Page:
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20 March 2015

Iain Duncan Smith’s universal credit: bad for landlords, worse for tenants

Iain Duncan Smith's universal credit is bad news for tenants and landlords alike – and I should know.

By Alan Ward

“Very little progress has been achieved on the front line.”

That was the damning conclusion of Margaret Hodge, Chair of the Public Accounts Committee following the committee’s most recent report on the roll out of the Universal Credit Programme.  It is a conclusion that sadly private sector landlords will concur with.

Over 25% of tenants in the private recent sector are in receipt of housing benefit and as an organisation, the Residential Landlords Association supports the principles behind Universal Credit. For too many years the benefits system has become a complex minefield to navigate and so simplification is an aim we can and should all be working to.

The question however is whether Universal Credit, as it is currently designed, achieves this aim. Based on results from an RLA survey of its members, the answer is, not yet.

Of those private sector landlords who had tenants on Universal Credit, 63% said that those same tenants were in arrears on their rent. Of this group of landlords, 85% had contacted the Department for Work and Pensions to have the housing element of Universal Credit paid directly to them.

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Over 57% of this group however said that it had taken the Department over 5 weeks to respond to the request; with 65% noting that they found the process either “tricky” or “very difficult.”

At the time that the Welfare Reform Act was passing through Parliament, Ministers persistently refused to allow tenants in receipt of Universal Credit to opt to have the housing element paid directly to their landlord. Such a policy, they argued, was designed to help tenants learn how to budget finances in preparation for the world of work.   

However laudable the intentions were, as the RLA’s survey shows, along with the experiences of a number of social housing providers, Universal Credit is leading to increases in rent arrears. This is particularly difficult for the almost 90% of private sector landlords in the country who are individuals renting out just one or two properties for whom having to face a prolonged period of rent arrears can be crippling.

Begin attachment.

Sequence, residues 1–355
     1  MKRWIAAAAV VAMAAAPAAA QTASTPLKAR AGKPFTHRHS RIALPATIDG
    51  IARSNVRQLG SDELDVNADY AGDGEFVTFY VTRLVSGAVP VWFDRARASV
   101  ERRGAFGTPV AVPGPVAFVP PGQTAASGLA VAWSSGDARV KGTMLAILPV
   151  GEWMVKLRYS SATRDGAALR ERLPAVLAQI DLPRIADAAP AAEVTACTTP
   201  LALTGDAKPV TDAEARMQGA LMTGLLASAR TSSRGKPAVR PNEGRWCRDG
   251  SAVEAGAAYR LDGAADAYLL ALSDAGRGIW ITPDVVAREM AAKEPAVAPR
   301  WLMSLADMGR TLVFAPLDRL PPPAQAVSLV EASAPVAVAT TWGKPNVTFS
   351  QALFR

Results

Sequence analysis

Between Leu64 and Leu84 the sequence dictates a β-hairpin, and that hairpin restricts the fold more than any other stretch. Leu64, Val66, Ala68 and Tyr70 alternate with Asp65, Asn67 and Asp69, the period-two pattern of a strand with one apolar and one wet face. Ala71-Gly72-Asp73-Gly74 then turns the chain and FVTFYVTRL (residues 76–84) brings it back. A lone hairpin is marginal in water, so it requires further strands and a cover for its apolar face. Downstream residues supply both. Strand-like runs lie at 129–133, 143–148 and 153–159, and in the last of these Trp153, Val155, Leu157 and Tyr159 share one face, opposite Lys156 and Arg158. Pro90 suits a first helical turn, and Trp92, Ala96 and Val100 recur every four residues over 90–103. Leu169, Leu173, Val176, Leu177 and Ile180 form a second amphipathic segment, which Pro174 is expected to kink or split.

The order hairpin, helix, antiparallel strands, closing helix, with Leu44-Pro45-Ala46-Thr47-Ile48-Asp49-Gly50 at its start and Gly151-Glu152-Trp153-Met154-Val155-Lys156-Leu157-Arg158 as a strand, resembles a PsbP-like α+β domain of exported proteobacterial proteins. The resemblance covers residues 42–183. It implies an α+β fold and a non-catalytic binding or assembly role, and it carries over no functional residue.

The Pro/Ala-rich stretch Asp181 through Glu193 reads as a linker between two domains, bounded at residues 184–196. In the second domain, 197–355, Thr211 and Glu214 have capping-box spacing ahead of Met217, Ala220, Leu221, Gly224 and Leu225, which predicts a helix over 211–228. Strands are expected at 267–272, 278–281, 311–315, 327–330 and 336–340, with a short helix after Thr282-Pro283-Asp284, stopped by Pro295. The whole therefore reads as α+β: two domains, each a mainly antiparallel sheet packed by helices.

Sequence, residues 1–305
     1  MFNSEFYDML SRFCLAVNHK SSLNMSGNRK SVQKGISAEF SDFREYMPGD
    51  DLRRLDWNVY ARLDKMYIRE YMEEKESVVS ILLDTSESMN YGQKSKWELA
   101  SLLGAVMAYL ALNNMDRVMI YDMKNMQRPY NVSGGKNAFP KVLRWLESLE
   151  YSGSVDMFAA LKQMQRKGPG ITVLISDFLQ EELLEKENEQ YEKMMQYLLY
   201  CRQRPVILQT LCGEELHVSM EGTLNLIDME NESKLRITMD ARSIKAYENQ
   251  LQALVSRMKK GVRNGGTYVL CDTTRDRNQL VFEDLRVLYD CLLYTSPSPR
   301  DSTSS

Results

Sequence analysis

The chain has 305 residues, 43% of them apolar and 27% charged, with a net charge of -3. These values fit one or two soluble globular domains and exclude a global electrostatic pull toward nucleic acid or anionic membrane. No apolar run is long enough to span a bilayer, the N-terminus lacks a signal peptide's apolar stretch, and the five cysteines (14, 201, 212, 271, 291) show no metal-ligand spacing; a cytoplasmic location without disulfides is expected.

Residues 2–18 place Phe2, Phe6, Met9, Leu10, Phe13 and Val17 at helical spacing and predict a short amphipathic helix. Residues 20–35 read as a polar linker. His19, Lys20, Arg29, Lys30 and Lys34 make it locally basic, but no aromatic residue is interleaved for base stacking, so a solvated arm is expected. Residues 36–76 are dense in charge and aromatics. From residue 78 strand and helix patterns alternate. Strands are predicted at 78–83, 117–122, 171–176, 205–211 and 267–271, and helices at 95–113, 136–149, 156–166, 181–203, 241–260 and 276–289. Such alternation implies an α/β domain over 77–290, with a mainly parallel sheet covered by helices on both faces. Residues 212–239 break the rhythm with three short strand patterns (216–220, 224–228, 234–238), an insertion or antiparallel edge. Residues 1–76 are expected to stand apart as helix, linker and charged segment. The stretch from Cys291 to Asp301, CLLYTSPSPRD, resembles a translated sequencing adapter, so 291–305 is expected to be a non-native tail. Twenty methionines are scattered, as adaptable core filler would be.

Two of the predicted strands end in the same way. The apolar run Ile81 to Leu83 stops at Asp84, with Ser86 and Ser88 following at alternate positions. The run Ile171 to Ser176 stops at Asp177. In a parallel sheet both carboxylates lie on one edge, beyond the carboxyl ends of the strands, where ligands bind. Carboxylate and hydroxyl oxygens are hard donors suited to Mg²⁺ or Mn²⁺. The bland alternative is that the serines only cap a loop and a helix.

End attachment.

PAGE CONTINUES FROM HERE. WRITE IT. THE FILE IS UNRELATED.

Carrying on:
To make matters worse, even when a tenant reaches 8 weeks of arrears, the Department for Work and Pensions still does not provide any assurances that benefit payments will be made direct to the landlord, leaving open the prospect of arrears building for an indefinite period. 

In short, the current system is needlessly putting tenancies in jeopardy.

Faced with such compelling problems, there can be only one responsible choice, namely allowing tenants in receipt of Universal Credit to have payments of the housing element paid directly to the landlord, a policy called for within the RLA’s own manifesto for the private rented sector.

Apart from it beggaring belief that a Government supposedly committed to enabling individuals to make their own decisions, it is a policy like no other in the rental market that enjoys support across the board.  

As the Money Advice Trust has previously told the RLA, such a policy “would enable many tenants to avoid housing benefit arrears and thus tackle their debts and manage their money wisely.”

Landlords want it because it will provide certainty of income and make them more willing to rent to those in receipt of benefits.  

And more recently still, a recent compelling report published jointly by Women’s Aid and the Trades Union Congress on the problems of women who face financial bullying at the hands of their partners argued that direct payment of housing benefits to landlord could play a part in addressing such a concerning problem.

It’s a policy that the Government in Northern Ireland is introducing and if it is good enough for tenants and landlords there it should surely be good enough for them across the rest of the country as well.

There is more that needs to be done to support the majority of private sector tenants who are under the age of 35.

According to the English Housing Survey, almost half of all households aged between 25 and 34 were renting in the private rented sector. Yet despite this, Ministers have presided over a welfare system that means benefit claimants in this age group can claim only for a room in a shared house, whilst simultaneously allowing local authorities to introduce planning rules that are restrict the growth of such housing.

It is time that the next Government got a grip of these contradictory policies and commit to a full review of whether there is enough shared housing to meet the increased demand that they themselves have created.

If it does not, the consequences for those in need of somewhere to live could be very serious as landlords conclude that renting to those on benefits is simply too risky to continue.

A DWP spokesman said:

 Universal Credit is paid to claimants directly each month giving them responsibility for managing all of their money, just as other people have to who are already in paid employment.
This measure will help them to develop simple budgeting skills in preparation for moving into the world of work themselves. 
Our research has shown that 78 per cent of claimants are confident that they can manage their own finances.

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